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nize the right of the master to hold him; his fleeing shows his choice -proclaims his wrongs and his title to protection; you shall not force him back and thus recognize the right of the master to hold him in such a condition as induces him to flee to others for protection.” It may be said that this command referred only to the servants of heathen masters in the surrounding nations. We answer, the terms of the command are unlimited. But the objection, if valid, would merely shift the pressure of the difficulty to another point. Did God require them to protect the free choice of a single servant from the heathen, and yet authorize the same persons, to crush the free choice of thousands of servants from the heathen? Suppose a case. A foreign servant flees to the Israelites ; God says,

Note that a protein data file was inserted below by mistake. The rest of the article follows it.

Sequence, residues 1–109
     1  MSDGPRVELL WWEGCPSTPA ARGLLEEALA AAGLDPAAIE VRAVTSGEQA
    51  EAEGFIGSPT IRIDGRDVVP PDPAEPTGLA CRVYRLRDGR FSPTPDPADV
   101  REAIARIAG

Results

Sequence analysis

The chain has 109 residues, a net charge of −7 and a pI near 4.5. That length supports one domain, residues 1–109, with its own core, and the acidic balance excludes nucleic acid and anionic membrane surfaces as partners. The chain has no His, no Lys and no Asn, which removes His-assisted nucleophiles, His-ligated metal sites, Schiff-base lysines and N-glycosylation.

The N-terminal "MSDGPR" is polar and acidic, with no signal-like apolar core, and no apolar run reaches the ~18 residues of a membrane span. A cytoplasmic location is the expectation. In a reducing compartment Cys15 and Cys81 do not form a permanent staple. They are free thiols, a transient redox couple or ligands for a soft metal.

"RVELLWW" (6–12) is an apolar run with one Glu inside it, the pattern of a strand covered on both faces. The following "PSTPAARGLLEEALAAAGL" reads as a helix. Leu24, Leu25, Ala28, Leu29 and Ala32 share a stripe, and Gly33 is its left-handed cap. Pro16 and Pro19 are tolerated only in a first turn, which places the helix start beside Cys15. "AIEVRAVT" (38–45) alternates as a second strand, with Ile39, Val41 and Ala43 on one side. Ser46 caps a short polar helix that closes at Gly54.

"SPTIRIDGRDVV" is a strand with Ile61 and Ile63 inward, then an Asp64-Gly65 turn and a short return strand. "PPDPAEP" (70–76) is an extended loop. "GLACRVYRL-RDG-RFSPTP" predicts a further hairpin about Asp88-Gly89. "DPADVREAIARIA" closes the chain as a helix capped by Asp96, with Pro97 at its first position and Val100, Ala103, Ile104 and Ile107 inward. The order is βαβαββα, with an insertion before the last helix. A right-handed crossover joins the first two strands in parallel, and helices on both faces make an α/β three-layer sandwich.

“ He shall dwell with thee, in that place which he shall choose, in one of thy gates where it liketh him best.” Now, suppose this same servant, instead of coming into Israel of his own accord, had been dragged in by some kidnapper who bought him of his master, and forced him into a condition against his will; would He who forbade such treatment of the stranger, who voluntarily came into the land, sanction the same treatment of the same person, provided in addition to this last outrage, the previous one had been committed of forcing him into the nation against his will ? To commit violence on the free choice of a foreign servant is forsooth a horrible enormity, PROVIDED you begin the violence after he has come among you. But if you commit the first act on the other side of the line ; if you begin the outrage by buying him from a third person against his will, and then tear him from home, drag him across the line into the land of Israel, and hold him as a slave-ah! that alters the case, and you may perpetrate the violence now with impunity! Would greater favor have been shown to this new comer than to the old residents—those who had been servants in Jewish families perhaps for a generation? Were the Israelites commanded to exercise toward him, uncircumcised and out of the covenant, a justice and kindness denied to the multitudes who were circumcised, and within the covenant ? But, the objector finds small gain to his argument on the supposition that the covenant respected merely the fugitives from the surrounding nations, while it left the servants of the Israelites in a condition against their wills. In that case, the surrounding nations would adopt retaliatory measures, and become so many asylums for Jewish fugitives. As these nations were not only on every side of them, but in their midst, such